Pointing is a Far Cry from Being Understood

Pointing is a Far Cry from Being Understood

Babies generally begin pointing around 6 to 9 months of age, coincidentally the time they are ready to begin the adventure of eating solids. In fact the act of pointing is one of the indicators to look for in determining if your baby is truly ready for solids. Pointing is one of baby’s first forms of communicating. In the beginning it is adorable and parents as well as caregivers ask questions to find out what baby is pointing at to find out their interests. Sometimes baby will also point at things they want. Why pointing isn’t always effective is because of the long arduous process of trying to find out each and every time what it is they want. When they’re pointing it is generally something they can’t get their hands on immediately and they need help to obtain it. Parents get up and go over to the general vicinity of where baby is pointing and begin picking up objects, “is this what you want?” item after item being picked up and put down with your baby growing frustrated in not being understood.

Often pointing and the excitement around pointing diminish after a couple short months because of its inconsistent results and ineffectiveness. Yet, it is clear that babies have the desire to “point out” things they are interested in, just for the pure joy of communicating, not so much because they want the item. This is when I encourage parents to take advantage of pointing for the beauty of baby sign language, the act of just bonding with their child where there is not a need to be met, but rather your child steering two way conversations.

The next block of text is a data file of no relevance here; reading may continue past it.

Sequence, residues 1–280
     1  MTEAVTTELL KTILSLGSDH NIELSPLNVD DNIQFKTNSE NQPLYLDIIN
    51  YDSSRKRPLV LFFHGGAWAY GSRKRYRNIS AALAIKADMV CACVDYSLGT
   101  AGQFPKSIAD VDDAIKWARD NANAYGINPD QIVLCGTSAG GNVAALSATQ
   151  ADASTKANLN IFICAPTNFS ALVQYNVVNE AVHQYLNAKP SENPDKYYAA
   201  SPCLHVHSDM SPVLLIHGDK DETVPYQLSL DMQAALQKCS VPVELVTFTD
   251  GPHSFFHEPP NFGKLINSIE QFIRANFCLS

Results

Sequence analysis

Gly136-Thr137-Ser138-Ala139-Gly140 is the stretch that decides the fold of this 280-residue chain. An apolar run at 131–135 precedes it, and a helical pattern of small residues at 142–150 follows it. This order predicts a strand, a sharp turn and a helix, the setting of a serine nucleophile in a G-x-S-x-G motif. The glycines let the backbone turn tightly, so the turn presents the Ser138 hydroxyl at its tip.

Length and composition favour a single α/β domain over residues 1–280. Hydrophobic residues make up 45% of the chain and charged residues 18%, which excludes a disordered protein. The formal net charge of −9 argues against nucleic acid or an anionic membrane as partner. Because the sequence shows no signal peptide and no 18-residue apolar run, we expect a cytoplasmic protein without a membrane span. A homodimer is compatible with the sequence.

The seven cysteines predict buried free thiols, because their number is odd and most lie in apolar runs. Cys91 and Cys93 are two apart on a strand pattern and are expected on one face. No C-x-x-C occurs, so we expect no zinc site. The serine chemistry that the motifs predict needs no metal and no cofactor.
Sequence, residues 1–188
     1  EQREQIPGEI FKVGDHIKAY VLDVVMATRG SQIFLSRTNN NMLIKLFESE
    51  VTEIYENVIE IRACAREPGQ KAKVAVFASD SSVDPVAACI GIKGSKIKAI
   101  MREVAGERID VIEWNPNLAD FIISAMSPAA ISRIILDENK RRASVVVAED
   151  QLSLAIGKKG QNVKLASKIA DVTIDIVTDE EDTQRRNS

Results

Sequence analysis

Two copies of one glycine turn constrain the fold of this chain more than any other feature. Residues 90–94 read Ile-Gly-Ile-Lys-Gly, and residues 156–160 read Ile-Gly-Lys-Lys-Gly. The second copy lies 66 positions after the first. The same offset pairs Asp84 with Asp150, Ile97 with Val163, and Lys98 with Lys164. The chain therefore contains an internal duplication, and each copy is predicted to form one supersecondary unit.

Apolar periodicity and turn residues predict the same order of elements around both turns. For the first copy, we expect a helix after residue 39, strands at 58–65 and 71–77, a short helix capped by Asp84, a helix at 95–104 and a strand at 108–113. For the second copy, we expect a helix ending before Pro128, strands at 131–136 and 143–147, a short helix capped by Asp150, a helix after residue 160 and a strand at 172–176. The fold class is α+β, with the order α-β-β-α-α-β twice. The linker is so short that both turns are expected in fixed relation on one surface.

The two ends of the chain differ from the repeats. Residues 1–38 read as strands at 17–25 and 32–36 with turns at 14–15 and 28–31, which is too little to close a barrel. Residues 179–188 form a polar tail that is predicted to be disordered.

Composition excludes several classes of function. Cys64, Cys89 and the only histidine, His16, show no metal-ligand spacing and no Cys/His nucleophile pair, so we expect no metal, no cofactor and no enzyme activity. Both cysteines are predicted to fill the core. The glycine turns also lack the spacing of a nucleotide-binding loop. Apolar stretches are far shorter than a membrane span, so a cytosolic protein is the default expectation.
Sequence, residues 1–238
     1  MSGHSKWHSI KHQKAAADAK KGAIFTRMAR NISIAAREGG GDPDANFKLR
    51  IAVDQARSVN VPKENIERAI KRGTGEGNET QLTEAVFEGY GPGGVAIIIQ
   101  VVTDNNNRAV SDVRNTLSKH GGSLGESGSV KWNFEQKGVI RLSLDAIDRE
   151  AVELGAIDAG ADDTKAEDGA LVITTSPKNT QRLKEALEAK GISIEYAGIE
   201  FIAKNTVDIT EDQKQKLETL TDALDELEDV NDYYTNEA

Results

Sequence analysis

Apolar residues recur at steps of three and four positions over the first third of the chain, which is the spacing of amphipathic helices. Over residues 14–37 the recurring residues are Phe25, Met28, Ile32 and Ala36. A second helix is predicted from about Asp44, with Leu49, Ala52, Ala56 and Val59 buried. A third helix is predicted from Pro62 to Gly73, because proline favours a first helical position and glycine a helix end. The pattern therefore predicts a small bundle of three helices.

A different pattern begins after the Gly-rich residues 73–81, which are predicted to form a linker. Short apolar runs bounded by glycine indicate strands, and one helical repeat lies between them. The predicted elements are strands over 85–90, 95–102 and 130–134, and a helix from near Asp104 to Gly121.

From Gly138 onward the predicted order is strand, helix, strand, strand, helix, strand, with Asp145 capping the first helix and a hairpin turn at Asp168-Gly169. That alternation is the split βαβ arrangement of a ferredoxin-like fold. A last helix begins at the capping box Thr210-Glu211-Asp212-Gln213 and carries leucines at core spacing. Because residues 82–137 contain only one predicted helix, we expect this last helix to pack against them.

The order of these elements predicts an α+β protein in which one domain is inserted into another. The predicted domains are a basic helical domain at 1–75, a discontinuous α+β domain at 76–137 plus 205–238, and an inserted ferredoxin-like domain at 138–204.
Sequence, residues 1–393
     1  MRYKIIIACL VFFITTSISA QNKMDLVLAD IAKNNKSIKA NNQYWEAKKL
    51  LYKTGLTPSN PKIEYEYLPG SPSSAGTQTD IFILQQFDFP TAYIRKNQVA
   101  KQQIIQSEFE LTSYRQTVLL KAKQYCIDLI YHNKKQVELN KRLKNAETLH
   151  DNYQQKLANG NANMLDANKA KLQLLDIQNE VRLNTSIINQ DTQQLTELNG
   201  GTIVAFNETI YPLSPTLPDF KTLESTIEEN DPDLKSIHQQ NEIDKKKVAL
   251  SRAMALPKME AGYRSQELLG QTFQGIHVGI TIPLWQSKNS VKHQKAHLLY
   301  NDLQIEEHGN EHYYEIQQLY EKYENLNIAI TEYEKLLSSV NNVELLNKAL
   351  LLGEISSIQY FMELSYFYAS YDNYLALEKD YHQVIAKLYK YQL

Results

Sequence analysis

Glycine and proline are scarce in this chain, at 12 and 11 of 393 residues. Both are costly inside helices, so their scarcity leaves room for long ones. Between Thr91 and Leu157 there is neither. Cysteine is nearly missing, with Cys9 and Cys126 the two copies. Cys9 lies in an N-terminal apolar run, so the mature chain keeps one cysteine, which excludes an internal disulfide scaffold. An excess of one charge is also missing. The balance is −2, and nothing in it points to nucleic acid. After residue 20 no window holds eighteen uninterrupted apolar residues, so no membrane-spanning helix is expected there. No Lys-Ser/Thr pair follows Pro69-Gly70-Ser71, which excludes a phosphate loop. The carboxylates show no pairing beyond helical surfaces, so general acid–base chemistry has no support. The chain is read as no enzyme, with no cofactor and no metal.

Birds and airplanes are two great examples of having this ripe opportunity available. It is something that has caught your child’s attention, which they merely want to talk about. More often than not this situation arises when you are enjoying time outside, where you have the time and tendency to connect. It is clear the child doesn’t want the bird or airplane, but rather enjoys the interesting sound it makes or the fact that it is in the sky, where not everything else can go…. Amazing that those babies are in fact making these distinctions this young!

Take advantage of this time and talk about the “birds” or “airplanes” flying high above, how interesting the sound is that they make, or their color, or how many there are…. Each situation is unique and provides various possibilities. The key point (no pun intended) is to have a dialogue with your baby, letting them know you take interest in their observation of the world around them. The tip I specifically share in the Sign, Play & Learn classes is this “Every time your baby points, take it to mean – I want to know what that’s called” and provide not just the name of the item, but also the sign. Babies want to be heard and valued, when we provide them the tool for being better understood with signs that associated with their “interests” instead of focusing so much on the common signs of “eat”, “more”, “all done” and “please”, a child will not only respond more readily, and by that I mean learn and demonstrate the sign, but they will feel good about being understood, well responded to and loved!

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Joann Woolley

Joann Woolley of Sign4Baby is a Master Level Instructor in the Signing Time Academy. ASL is her first language (her mother is deaf) and her first sign was MILK. Both her fluency in ASL and understanding of ASL culture provide an insight to the language that opens the eyes of her students.

Note: This Perspectives Blog post is written by a guest blogger of DrGreene.com. The opinions expressed on this post do not necessarily reflect the opinions of Dr. Greene or DrGreene.com, and as such we are not responsible for the accuracy of the information supplied. View the license for this post.

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